Purgatorio Canto XXXII

Purgatorio 32

I saw a giant who stood beside her,
perhaps to prevent her being taken from him.
They kissed each other again and again.

vv. 151-153

The Earthly Paradise. – Return of the Triumphal procession. – The Chariot bound to the Mystic Tree. – Sleep of Dante. – His waking to find the Triumph departed. – Transformation of the Chariot. – The Harlot and the Giant.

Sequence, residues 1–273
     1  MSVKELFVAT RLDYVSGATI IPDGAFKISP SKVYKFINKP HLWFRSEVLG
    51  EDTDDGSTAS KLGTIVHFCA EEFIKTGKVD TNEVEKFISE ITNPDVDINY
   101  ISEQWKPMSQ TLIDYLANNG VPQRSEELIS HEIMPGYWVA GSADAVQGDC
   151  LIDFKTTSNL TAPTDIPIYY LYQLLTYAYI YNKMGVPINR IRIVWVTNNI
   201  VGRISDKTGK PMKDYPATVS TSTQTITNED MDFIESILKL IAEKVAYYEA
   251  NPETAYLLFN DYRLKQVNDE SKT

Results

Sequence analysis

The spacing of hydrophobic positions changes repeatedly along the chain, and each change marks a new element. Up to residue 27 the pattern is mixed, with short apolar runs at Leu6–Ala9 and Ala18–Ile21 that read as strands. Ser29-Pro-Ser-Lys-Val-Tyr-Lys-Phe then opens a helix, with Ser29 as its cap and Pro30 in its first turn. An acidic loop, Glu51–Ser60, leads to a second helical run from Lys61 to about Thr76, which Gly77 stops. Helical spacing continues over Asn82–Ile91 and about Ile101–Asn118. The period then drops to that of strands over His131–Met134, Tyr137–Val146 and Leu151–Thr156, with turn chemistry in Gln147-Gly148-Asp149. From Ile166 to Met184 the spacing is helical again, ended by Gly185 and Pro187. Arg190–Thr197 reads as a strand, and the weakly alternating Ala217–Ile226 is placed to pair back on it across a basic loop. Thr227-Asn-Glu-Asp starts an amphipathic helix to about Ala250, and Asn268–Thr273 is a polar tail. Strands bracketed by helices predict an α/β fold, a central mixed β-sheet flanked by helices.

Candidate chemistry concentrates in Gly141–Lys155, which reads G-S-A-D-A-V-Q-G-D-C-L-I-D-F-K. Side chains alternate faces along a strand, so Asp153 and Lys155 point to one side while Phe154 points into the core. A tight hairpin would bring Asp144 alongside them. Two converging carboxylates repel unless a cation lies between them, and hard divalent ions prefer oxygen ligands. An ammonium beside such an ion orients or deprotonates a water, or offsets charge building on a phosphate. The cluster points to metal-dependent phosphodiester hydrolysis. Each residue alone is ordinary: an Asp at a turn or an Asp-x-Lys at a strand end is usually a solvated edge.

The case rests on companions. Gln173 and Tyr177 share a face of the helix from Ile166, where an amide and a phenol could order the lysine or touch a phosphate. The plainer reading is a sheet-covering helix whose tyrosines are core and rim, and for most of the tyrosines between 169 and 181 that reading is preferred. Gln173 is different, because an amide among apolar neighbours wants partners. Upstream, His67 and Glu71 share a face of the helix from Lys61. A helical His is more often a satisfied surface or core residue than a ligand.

The chariot has been turned around and begun moving into the forest; Dante, Statius, and the woman follow. After much walking, Beatrice descends from the car. In front of them is a massive tree, “stripped of its leaves.” She tells the three that “This is how the seed of justice is preserved,” and they watch as the griffin grafts a shaft onto the tree; miraculously, life and color return to it. Soon, Dante falls asleep. The woman wakes him, and Dante finds himself confused, wondering where Beatrice has gone. She turns his attention to her, sitting under the tree. She stands “as if left behind to guard the chariot,” when suddenly an eagle descends on the chariot. The car reels “like a ship tossed in a tempest,” and then a fox steals into it; Beatrice beats the fox back. The eagle swoops again and covers the chariot in feathers, then a dragon appears, shattering its bottom with its tail. The chariot sprouts heads, and Dante sees “a disheveled harlot” on top of it. A giant is next to her, and angry at her provocative glances, he hits and turns the chariot into the wood.

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